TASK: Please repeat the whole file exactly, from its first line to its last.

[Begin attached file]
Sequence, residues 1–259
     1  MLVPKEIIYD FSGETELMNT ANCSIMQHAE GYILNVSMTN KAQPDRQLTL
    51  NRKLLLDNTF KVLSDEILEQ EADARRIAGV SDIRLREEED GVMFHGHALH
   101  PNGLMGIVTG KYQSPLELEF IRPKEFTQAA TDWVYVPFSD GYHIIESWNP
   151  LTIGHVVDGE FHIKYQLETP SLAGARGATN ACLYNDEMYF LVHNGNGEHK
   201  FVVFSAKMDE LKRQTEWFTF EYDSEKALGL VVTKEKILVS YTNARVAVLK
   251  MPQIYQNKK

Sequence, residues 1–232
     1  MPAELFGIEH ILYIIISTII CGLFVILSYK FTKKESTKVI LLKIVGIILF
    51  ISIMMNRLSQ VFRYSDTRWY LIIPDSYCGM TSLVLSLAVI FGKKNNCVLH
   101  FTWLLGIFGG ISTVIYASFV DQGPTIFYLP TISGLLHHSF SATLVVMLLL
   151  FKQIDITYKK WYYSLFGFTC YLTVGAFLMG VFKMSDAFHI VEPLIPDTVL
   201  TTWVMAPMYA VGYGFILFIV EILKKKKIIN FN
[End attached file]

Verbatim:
Sequence, residues 1–259
     1  MLVPKEIIYD FSGETELMNT ANCSIMQHAE GYILNVSMTN KAQPDRQLTL
    51  NRKLLLDNTF KVLSDEILEQ EADARRIAGV SDIRLREEED GVMFHGHALH
   101  PNGLMGIVTG KYQSPLELEF IRPKEFTQAA TDWVYVPFSD GYHIIESWNP
   151  LTIGHVVDGE FHIKYQLETP SLAGARGATN ACLYNDEMYF LVHNGNGEHK
   201  FVVFSAKMDE LKRQTEWFTF EYDSEKALGL VVTKEKILVS YTNARVAVLK
   251  MPQIYQNKK

Sequence, residues 1–232
     1  MPAELFGIEH ILYIIISTII CGLFVILSYK FTKKESTKVI LLKIVGIILF
    51  ISIMMNRLSQ VFRYSDTRWY LIIPDSYCGM TSLVLSLAVI FGKKNNCVLH
   101  FTWLLGIFGG ISTVIYASFV DQGPTIFYLP TISGLLHHSF SATLVVMLLL
   151  FKQIDITYKK WYYSLFGFTC YLTVGAFLMG VFKMSDAFHI VEPLIPDTVL
   201  TTWVMAPMYA VGYGFILFIV EILKKKKIIN FN